New Paper: “Embryo Selection for Cognitive Enhancement”

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IES first pageDuring his time as a MIRI research fellow, Carl Shulman co-authored (with Nick Bostrom) a paper that is now available as a preprint, titled “Embryo Selection for Cognitive Enhancement: Curiosity or Game-changer?


Human capital is a key determinant of personal and national outcomes, and a major input to scientific progress. It has been suggested that advances in genomics will make it possible to enhance human intellectual abilities. One way to do this would be via embryo selection in the context of in vitro fertilization (IVF). In this article, we analyze the feasibility, timescale, and possible societal impacts of embryo selection for cognitive enhancement. We find that embryo selection, on its own, may have significant impacts, but likely not drastic ones, over the next 50 years, though large effects could accumulate over multiple generations. However, there is a complementary technology, stem cell-derived gametes, which has been making rapid progress and which could amplify the impact of embryo selection, enabling very large changes if successfully applied to humans.

The last sentence refers to “iterated embryo selection” (IES), a future technology first described by MIRI in 2009. This technology has significant strategic relevance for Friendly AI (FAI) development because it might be the only intelligence amplification (IA) technology (besides WBE) to have large enough effects on human intelligence to substantially shift our odds of getting FAI before arbitrary AGI, if AGI is developed sometime this century.

Unfortunately, it remains unclear whether the arrival of IES would shift our FAI chances positively or negatively. On the one hand, a substantially smarter humanity may be wiser, and more likely to get FAI right. On the other hand, IES might accelerate AGI relative to FAI, since AGI is more parallelizable than FAI. (For more detail, and more arguments pointing in both directions, see Intelligence Amplification and Friendly AI.)

Markus Schmidt on Risks from Novel Biotechnologies

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Markus Schmidt portrait Dr. Markus Schmidt is founder and team leader of Biofaction, a research and science communication company in Vienna, Austria. With an educational background in electronic engineering, biology and environmental risk assessment he has carried out environmental risk assessment and safety and public perception studies in a number of science and technology fields (GM-crops, gene therapy, nanotechnology, converging technologies, and synthetic biology) for more than 10 years.

He was/is coordinator/partner in several national and European research projects, for example SYNBIOSAFE, the first European project on safety and ethics of synthetic biology (2007-2008), COSY on communicating synthetic biology (2008-2009), TARPOL on industrial and environmental applications of synthetic biology (2008-2010), CISYNBIO on the depiction of synthetic biology in movies (2009-2012), a joint Sino-Austrian project on synthetic biology and risk assessment (2009-2012), or ST-FLOW on standardization for robust bioengineering of new-to-nature biological properties (2011-2015).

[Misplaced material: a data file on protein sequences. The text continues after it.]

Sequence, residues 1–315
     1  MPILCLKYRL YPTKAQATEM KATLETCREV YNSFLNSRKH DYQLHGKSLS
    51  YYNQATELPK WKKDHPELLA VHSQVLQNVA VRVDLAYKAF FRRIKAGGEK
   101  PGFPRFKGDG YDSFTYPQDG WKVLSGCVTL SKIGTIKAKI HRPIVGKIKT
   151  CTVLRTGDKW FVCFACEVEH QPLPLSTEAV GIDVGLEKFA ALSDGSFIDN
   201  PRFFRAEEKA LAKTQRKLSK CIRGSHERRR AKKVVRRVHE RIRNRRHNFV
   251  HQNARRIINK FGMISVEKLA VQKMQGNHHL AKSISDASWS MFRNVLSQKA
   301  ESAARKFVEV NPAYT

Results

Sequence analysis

He produced science policy reports for the Office of Technology Assessment at the German Bundestag (on GM-crops in China), and the Austrian Ministry of Transport, Innovation and Technology (nanotechnology and converging technologies). He served as an advisor to the European Group on Ethics (EGE) of the European Commission, the US Presidential Commission for the Study of Bioethical Issues, the J Craig Venter Institute, the Alfred P. Sloan Foundation, and Bioethics Council of the German Parliament as well as to several thematically related international projects. Markus Schmidt is the author of several peer-reviewed articles, he edited a special issue and two books about synthetic biology and its societal ramifications, and produced the first documentary film about synthetic biology.

In addition to the scientific work, he organized a Science Film Festival and produced an art exhibition (both 2011) to explore novel and creative ideas and interpretations on the future of biotechnology.

Luke Muehlhauser: I’ll start by giving our readers a quick overview of synthetic biology, the “design and construction of biological devices and systems for useful purposes.” As explained in a 2012 book you edited, major applications of synthetic biology include:

  • Biofuels: ethanol, algae-based fuels, bio-hydrogen, microbial fuel cells, etc.
  • Bioremediation: wastewater treatment, water desalination, solid waste decomposition, COrecapturing, etc.
  • Biomaterials: bioplastics, bulk chemicals, cellulosomes, etc.
  • Novel developments: protocells and xenobiology for the production of novel cells and organisms.

But in addition to promoting the useful applications of synthetic biology, you also speak and write extensively about the potential risks of synthetic biology. Which risks from novel biotechnologies are you most concerned about?

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Bas Steunebrink on Self-Reflective Programming